By Deacon Derick Cranston
In northern Minnesota near the Canadian border, forest and lakes stretch as far as the eye can see. When the night is clear and the lake is calm, the stars reflect upon the still water of the lake. It is almost impossible to tell the difference between the stars reflecting upon the lake, and the stars in the night sky.
There is a border where heaven and earth meet. That border is the soul in each of us. Our souls are but reflections of the divine, reflections upon our existence in time and space. We sprang from Mother Earth and the Holy Spirit breathed life into us and made us into the image of God.
Our soul, however, is not always the vibrant reflection of the night stars upon a calm peaceful lake. Over time grief, sadness and the suffering of the human condition bury the reflection of the divine deeper and deeper within us. The suffering we experience throughout our lifetime can produce many layers of a certain painfulness that hardens our heart.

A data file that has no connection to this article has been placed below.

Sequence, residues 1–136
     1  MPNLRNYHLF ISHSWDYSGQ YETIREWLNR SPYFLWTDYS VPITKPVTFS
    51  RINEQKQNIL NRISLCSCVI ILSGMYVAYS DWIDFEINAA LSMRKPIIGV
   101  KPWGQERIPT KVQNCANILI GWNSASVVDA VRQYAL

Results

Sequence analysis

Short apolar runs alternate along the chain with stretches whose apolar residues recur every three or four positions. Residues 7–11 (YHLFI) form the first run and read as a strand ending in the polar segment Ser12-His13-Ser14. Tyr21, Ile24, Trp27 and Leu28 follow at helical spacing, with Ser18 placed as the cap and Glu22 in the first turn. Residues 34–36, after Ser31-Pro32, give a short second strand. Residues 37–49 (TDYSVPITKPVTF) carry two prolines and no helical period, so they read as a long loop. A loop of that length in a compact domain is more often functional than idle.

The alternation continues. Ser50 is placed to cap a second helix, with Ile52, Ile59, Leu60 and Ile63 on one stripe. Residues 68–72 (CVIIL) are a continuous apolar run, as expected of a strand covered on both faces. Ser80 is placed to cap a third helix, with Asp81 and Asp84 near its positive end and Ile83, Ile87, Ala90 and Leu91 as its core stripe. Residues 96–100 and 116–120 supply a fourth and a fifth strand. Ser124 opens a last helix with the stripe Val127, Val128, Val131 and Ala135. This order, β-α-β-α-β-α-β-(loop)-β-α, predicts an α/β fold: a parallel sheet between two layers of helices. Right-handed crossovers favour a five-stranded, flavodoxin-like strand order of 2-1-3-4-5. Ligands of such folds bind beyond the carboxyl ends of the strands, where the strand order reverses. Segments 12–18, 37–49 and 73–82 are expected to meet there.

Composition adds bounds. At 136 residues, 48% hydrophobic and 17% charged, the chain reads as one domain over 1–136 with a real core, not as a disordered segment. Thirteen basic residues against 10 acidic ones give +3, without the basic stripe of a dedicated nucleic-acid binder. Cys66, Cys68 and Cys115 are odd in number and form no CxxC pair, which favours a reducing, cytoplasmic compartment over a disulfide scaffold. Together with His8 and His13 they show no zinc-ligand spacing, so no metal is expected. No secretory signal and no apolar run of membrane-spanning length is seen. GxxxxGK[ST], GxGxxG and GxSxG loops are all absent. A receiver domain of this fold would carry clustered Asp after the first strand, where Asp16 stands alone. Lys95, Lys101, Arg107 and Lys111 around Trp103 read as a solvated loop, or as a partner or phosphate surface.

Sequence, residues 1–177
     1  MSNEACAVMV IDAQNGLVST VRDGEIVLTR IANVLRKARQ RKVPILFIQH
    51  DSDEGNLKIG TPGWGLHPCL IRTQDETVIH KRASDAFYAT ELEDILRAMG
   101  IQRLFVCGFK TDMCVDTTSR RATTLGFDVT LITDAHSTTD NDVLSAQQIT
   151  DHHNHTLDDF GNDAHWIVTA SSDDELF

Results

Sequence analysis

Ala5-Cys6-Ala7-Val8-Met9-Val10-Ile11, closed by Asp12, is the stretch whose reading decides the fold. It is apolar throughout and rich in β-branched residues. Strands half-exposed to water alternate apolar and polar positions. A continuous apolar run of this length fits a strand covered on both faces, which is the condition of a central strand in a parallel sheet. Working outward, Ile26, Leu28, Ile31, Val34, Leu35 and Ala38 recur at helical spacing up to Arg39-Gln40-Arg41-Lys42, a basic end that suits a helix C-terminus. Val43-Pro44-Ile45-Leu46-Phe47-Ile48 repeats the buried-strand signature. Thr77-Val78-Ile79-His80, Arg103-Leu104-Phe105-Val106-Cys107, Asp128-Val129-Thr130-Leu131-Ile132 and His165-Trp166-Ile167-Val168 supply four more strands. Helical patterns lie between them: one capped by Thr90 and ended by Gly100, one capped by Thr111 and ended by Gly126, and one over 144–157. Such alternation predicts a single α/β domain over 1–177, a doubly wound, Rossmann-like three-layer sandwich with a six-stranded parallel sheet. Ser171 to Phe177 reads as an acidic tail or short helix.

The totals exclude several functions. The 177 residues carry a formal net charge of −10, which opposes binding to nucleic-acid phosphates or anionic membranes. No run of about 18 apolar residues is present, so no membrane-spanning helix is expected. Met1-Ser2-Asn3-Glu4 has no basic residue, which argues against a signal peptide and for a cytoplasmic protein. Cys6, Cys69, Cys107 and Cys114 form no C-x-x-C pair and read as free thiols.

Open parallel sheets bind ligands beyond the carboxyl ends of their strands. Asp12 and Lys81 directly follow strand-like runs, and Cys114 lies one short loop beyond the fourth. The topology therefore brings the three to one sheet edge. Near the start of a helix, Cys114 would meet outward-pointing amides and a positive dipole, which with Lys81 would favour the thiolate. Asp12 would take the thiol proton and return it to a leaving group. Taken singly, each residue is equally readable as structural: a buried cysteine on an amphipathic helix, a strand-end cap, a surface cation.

But no matter how many layers and no matter how hard our heart becomes, the divine is still within us. We simply have to peel back the layers that have encased our soul. It can start with a simple prayer in the morning, or reflecting upon a passage of Scripture at night. Over time if we are patient and diligent, the first cracks will start to appear. For some, it will be the shock of a sudden trauma or the loss of a loved one. At this point we can let the suffering shatter the hardness of our heart … or harden our heart to the point that it becomes unbreakable.
St. Paul wrote: “For we know that if our earthly dwelling, a tent, should be destroyed, we have a building from God, a dwelling not made with human hands, but eternal in heaven.” As I stepped out of my tent that night and gazed up at the stars in the northern Minnesota sky, it felt like I had stepped into the eternal heaven not made by human hands, but built by the Lord.
There is indeed a border where heaven and earth meet. If we can quiet our souls and be still, our soul will reflect the divine. And be not afraid if the suffering in your life puts you in a dark place. For the darker it is, the brighter the stars shine. It is in our darkest moments that we can see the light of Christ in all its glory and splendor.
(Deacon Cranston is pastoral associate for St. Mary Parish in Riverside, Holy Trinity Parish in Richmond and St. Joseph Parish in Wellman. He can be reached at email@example.com.)